LUCRATIVE MARKETS

But money, and the prospect at last of access to the EUs lucrative markets was on the mind of many business people.

"I hope the huge pile of papers I need to import and sell western things here will now disappear. Unless Brussels prepares new ones..." said Marek Budic, 42, a food importer in Prague.

The looming new blocs population of 450 million becomes the worlds largest market surpassing the 420 million in the North American Free Trade Agreement.

However its economic power of $9.5 trillion is second to NAFTAs nearly $12 trillion.

The United States welcomed the landmark accord.

"...the European Union's decision further unites the new and the established democracies of Europe, and advances the creation of a Europe whole, free, and at peace," said a statement issued by White House spokesman Ari Fleischer (news - web sites).

Turkey, whose hopes of an early EU invitation were dashed after a lobbying effort backed by the United States, preferred to look at a glass half full rather than half empty.

The summit said it would review Muslim Turkey's progress in human rights in late 2004 with an eye to opening talks in mid-2005. Turkish leaders had wanted a firm talks date in 2003.

"Yesterday's decision was a step forward for Turkey, and we assess it as a closer approach to the EU," Deputy Prime Minister Abdullatif Sener said.

"The glass is not half empty. We need to look at the full half," Sener told a conference at the alpine resort of Abant.

Turkeys mass-circulation Milliyet said the summit was one of "The Good, the Bad and the Ugly."

"We finally got a date, but not the date we wanted," the newspaper said.
Pelitos, I agree to you... many people in Europe notice the hypocracy of Bush concerning this issue. Maybe the EU leaders should lobby for open borders and billions in US financial aid to Mexico to increase the stability in Central America.

Friends of mine from Turkey have also realized Bush's true intentions which are the use of Turkish millitairy basis in an attack on Iraq and the construction of an oil pipeline from the Caspain Sea to a Turkish port.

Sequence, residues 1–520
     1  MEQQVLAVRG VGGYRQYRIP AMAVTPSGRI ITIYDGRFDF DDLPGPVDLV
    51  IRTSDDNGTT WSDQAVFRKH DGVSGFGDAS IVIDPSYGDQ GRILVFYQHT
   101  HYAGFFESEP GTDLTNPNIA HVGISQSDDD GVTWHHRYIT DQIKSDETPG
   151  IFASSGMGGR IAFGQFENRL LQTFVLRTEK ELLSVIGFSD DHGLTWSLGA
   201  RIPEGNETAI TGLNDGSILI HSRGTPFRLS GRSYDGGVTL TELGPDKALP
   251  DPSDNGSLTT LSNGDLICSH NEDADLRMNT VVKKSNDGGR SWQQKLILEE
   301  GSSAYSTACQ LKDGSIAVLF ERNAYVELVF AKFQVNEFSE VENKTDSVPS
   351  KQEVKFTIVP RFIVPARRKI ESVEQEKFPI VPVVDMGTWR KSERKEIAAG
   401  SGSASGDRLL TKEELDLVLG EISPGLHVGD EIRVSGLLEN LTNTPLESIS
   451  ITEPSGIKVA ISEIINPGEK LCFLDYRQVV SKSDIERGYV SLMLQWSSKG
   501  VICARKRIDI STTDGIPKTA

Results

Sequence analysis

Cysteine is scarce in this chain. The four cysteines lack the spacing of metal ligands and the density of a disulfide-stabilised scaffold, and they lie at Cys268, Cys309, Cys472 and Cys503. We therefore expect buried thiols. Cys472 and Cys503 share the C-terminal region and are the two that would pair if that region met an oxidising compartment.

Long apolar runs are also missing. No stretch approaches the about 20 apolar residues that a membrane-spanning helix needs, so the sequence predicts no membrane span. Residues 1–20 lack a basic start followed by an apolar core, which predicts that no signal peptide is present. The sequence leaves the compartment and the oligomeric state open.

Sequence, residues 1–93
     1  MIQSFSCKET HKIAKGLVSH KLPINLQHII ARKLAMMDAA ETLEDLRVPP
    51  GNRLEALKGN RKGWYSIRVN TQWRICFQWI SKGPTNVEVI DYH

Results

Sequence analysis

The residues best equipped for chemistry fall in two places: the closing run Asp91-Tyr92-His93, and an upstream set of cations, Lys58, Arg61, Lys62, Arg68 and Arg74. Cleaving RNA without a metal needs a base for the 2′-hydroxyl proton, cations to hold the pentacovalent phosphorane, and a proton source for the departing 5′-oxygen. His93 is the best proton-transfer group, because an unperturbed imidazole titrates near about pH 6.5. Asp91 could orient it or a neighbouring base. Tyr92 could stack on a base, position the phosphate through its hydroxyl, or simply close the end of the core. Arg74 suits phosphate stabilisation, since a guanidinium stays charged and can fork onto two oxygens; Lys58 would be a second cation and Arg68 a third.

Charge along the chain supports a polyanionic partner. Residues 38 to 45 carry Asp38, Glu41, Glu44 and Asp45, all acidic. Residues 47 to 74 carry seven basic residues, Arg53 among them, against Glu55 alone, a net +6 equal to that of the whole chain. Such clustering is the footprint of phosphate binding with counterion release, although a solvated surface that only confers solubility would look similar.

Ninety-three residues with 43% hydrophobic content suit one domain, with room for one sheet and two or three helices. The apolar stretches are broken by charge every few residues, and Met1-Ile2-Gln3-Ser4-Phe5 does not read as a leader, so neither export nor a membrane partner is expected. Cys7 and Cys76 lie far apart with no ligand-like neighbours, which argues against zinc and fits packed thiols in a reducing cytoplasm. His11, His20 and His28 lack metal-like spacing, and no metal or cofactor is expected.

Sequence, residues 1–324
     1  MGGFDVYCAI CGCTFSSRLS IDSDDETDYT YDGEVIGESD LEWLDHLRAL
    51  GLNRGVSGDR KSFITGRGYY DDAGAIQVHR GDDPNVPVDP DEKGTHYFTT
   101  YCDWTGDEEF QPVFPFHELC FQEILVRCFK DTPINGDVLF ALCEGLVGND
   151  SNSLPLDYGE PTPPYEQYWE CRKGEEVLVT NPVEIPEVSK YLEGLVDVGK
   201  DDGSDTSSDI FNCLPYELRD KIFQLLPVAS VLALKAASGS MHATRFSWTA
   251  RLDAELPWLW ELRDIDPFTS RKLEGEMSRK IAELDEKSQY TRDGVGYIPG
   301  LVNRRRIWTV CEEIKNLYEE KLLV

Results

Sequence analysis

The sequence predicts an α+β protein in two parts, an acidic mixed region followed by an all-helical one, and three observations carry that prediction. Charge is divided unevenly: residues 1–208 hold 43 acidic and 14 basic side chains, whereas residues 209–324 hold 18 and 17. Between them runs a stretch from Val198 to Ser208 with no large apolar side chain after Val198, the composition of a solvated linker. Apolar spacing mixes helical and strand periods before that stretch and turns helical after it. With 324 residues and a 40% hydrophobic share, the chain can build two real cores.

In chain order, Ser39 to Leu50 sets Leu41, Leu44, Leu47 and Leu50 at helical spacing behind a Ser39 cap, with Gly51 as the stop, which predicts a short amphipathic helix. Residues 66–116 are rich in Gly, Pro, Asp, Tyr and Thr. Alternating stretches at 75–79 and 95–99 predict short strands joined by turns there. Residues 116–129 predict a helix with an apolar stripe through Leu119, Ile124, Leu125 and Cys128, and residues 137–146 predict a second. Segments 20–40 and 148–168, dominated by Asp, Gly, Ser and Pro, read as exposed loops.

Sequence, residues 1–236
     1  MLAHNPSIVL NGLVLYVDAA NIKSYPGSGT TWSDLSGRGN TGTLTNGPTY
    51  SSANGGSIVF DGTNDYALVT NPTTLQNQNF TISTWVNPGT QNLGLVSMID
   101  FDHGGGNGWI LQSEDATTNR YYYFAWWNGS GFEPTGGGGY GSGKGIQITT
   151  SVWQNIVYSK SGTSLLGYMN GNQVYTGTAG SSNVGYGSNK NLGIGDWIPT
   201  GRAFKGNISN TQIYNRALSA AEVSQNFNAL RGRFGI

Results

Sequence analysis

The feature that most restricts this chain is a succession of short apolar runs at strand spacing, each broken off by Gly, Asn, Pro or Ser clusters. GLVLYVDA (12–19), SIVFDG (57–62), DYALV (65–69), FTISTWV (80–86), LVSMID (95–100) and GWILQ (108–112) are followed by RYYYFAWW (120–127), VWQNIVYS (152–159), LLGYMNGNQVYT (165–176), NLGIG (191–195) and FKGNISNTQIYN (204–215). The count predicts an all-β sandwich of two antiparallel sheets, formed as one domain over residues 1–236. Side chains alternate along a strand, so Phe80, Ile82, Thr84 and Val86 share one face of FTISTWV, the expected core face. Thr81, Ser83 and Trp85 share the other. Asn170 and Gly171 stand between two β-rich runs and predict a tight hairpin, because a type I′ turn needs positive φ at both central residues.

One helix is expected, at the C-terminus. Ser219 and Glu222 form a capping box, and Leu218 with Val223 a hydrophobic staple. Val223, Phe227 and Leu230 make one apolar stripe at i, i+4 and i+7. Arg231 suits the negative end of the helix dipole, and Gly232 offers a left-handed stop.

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Pelitos74
Pelitos74

December 17th, 2002, 12:21 am #19

EU Celebrates, Considers How to Make Orderly Home
Sat Dec 14, 9:28 AM ET


By Brian Williams

COPENHAGEN (Reuters) - The European Union was on the road to becoming wider and bigger on Saturday after embracing 10 mostly ex-communist nations but now has to make an orderly home for 450 million people speaking a multitude of languages.

With all-night champagne parties celebrating the EUs biggest ever expansion over, reality was still setting in about what comes next and what could still go wrong.


German Chancellor Gerhard Schroeder (C) shakes hands with Turkish Prime Minister Abdullah Gul (L) next to French President Jacques Chirac (R) during the EU enlargement summit in Copenhagen, December 13, 2002. The European Union was on the road to becoming wider and bigger Dec. 14 after embracing 10 mostly ex-communist nations but now has to make an orderly home for 450 million people speaking a multitude of languages. (Philippe Wojazer/Reuters)


The decision to add 10 new members to the present 15 came at the end of an intense two-day Copenhagen summit and means the EU's population will grow by 20 percent to 450 million people, creating an economic colossus to rival the United States.

On the horizon are another 65 million if Turkey fulfils its pledge to be ready to start formal entry talks by 2004.

"Good Morning Europe," was the headline of Poland's leading business daily Rzeczpospolita while Slovenia's Novy Cas proclaimed "Weve got it. They invited us to the EU."

"Europe is spreading its wings in freedom, in prosperity and in peace. This is a truly proud moment for the European Union," Danish Prime Minister Anders Fogh Rasmussen, the summit host, said in an emotional final speech.

Poland, Hungary, the Czech and Slovak republics, Slovenia, Estonia, Latvia, Lithuania, Cyprus and Malta won the right to join the EU in May 2004, creating a bloc of 25 nations extending from the Atlantic to the eastern Mediterranean.

The candidates, whose 75 million citizens are, on average, less than half as well off as their EU counterparts, won promises of extra cash, higher farm subsidies and output quotas in bargaining which ran late into Friday evening.

EU leaders made minor concessions, but managed to keep the overall cost of paying for the expansion to some 40.8 billion euros -- less than was originally budgeted back in 1999.

But the challenges before formal entry are many.

TOWER OF BABEL

They range from a risk of the EU turning into a so-called "Tower of Babel" from the many languages in which negotiations must now be conducted to gridlock on decisions because of the need for consensus and unanimity.